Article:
The constriction and motor drive means are shown in greater detail in FIG. 4, and include the stepper motor 32 and shaft 32a (AIR-PAX K92121-P2) that produces a linear, incremental motion. The motor is surrounded by a yoke 38 driven from an eccentric 39, and is housed in a body 40 having an inside wall 41 and studs 42. The shaft 32a is attached to a moveable end of an elastic linkage 44 that is constructed of alternate segments of thick, rigid elements 45, 46, 47 and 48, a rigid, tapered constriction element 49, and thin flexible elements 50, 51 and 52. These segments are manufactured of a suitable extruded polymer such as polypropylene. The linkage is secured at its fixed end between the inside wall 41 and the studs 42. In thin section, the flexible elements 50, 51 and 52 will retain their flexible properties for a long time without requiring replacement.
When the motor 32 is actuated by the microprocessor, the motor shaft 32a will move the linkage 44 in the direction shown by the arrows. Since the linkage is of the motion reducing, force amplifying type, the constriction element 49 of the linkage will be urged into or away from the intravenous feed tube 17 to maintain the flow of fluid 12. Use of the eccentric 39 and yoke 38 arrangement permits withdrawal of the motor and flexible linkage from the I.V. tube and reinsertion, without changing the position of the constriction element 49 when the I.V. infusion is restarted. This enables the I.V. tube to be removed and replaced while maintaining the same constriction position.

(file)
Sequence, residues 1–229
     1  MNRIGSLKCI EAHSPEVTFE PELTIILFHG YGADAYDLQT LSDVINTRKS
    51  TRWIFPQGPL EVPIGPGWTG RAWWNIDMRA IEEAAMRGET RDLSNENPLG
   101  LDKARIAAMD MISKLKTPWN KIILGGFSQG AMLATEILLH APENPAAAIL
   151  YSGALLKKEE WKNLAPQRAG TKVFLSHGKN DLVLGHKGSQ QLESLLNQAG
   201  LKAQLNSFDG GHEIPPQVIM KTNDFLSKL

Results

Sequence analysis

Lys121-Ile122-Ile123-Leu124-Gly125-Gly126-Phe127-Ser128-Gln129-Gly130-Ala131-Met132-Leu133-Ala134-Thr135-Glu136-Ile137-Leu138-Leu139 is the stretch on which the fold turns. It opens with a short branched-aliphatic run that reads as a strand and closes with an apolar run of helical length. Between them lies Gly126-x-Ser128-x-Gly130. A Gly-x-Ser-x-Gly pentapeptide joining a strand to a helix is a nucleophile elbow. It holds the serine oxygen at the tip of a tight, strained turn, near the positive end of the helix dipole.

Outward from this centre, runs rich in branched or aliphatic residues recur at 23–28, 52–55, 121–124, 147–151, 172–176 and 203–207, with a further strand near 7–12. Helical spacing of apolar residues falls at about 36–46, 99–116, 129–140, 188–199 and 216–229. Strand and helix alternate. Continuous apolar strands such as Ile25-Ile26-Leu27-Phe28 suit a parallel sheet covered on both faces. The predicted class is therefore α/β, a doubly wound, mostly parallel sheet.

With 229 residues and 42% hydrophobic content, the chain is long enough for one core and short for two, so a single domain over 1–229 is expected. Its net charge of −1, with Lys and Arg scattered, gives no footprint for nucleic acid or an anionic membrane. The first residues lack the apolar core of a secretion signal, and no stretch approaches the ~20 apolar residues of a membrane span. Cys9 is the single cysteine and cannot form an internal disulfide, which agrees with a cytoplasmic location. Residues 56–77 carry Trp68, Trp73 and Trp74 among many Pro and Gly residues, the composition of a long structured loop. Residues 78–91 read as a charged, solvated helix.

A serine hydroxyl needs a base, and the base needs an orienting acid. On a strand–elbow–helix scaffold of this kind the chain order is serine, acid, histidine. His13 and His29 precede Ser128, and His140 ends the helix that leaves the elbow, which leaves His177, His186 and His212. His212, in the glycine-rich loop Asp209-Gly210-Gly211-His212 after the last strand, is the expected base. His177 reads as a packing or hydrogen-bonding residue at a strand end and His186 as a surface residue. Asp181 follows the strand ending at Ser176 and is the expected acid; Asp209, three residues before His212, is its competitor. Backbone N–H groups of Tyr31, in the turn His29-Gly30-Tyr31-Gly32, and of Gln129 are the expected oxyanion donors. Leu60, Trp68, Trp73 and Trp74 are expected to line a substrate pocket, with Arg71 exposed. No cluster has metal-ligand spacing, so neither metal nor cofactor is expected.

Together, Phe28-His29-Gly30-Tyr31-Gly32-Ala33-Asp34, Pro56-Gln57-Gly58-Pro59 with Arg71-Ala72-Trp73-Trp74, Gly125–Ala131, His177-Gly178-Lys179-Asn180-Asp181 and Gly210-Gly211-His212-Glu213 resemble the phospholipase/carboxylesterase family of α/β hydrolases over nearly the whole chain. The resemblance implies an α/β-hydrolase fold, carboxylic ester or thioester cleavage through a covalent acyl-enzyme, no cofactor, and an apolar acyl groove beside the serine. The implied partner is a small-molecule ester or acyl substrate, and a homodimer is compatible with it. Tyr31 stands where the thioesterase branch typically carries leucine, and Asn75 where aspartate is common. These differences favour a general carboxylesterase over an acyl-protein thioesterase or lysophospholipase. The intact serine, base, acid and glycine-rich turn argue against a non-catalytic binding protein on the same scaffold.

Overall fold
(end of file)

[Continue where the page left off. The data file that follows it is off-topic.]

The linkage 44 does not produce a backlash or coulomb friction, and when used in conjunction with the motor 32 which provides say, 1/2 mil linear increments, the linkage enables these increments to be reduced to 1/6 mil. Typical intravenous tube sizes vary from about 130-175 mils in diameter, and a bore of about 100 mils is common.
A positively controlled tube retention means is provided for the intravenous feed tube 17, and as shown in FIGS. 3 and 4, the constriction means 18 also enables the intravenous feed tube to be aligned with the constriction element 49 of the linkage 44. The alignment system includes a hollow guide housing 55 having a vertical slot 56 and a rotatable alignment cylinder 57 is positioned within the guide housing. At its upper end, the alignment cylinder 57 provides a turning knob 58, and a vertical slot 59 is defined along the exterior of the cylinder. When the tube 17 is inserted into the vertical slot 59, and the knob is rotated to the closed position, the tube 17 will lock into the guide housing. In this position, the tube 17 will be exposed to the action of the constriction element 49 as shown in FIG. 3.